f"Error during {verbose_name}: [Code: {operation.error_code}]: {operation.error_message}",
            file=sys.stderr,
            flush=True,
        )
        print(f"Operation ID: {operation.name}", file=sys.stderr, flush=True)
        raise operation.exception() or RuntimeError(operation.error_message)

    if operation.warnings:
        print(f"Warnings during {verbose_name}:\n", file=sys.stderr, flush=True)
        for warning in operation.warnings:
            print(f" - {warning.code}: {warning.message}", file=sys.stderr, flush=True)

    return result


def patch_firewall_priority(
    project_id: str, firewall_rule_name: str, priority: int
) -> None:
    """
    Modifies the priority of a given firewall rule.

    Args:
        project_id: project ID or project number of the Cloud project you want to use.
        firewall_rule_name: name of the rule you want to modify.
        priority: the new priority to be set for the rule.
    """
    firewall_rule = compute_v1.Firewall()
    firewall_rule.priority = priority

    # The patch operation doesn't require the full definition of a Firewall object. It will only update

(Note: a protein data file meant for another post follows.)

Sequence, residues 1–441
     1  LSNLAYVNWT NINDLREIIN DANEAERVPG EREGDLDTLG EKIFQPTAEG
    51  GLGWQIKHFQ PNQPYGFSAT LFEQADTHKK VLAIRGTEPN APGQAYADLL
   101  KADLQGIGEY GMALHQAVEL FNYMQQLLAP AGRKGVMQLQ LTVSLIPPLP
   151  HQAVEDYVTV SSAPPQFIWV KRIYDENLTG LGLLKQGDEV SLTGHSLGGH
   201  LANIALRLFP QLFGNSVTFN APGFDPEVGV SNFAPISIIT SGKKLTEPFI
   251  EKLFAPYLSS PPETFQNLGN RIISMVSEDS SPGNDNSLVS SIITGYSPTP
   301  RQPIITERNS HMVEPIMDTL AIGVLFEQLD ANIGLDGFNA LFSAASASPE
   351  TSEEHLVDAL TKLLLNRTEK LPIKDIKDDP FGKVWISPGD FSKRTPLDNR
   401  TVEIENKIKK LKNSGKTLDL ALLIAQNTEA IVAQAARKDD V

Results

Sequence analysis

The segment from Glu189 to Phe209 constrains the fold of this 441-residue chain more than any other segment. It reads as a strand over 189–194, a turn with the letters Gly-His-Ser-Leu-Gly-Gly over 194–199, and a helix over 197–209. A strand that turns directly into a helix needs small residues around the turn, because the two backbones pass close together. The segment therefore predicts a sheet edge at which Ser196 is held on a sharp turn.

# the values that were set in it, in this case it will only change the priority.
    firewall_client = compute_v1.FirewallsClient()
    operation = firewall_client.patch(
        project=project_id, firewall=firewall_rule_name, firewall_resource=firewall_rule
    )

    wait_for_extended_operation(operation, "firewall rule patching")
    return

Ruby


require "google/cloud/compute/v1"

# Modifies the priority of a given firewall rule.
#
# @param [String] project project ID or project number of the Cloud project you want to use.
# @param [String] name name of the rule you want to modify.
# @param [Google::Protobuf::RepeatedField] allowed the repeated instances of the Allowed field in the rule.
#         Compute errors out if allowed is empty.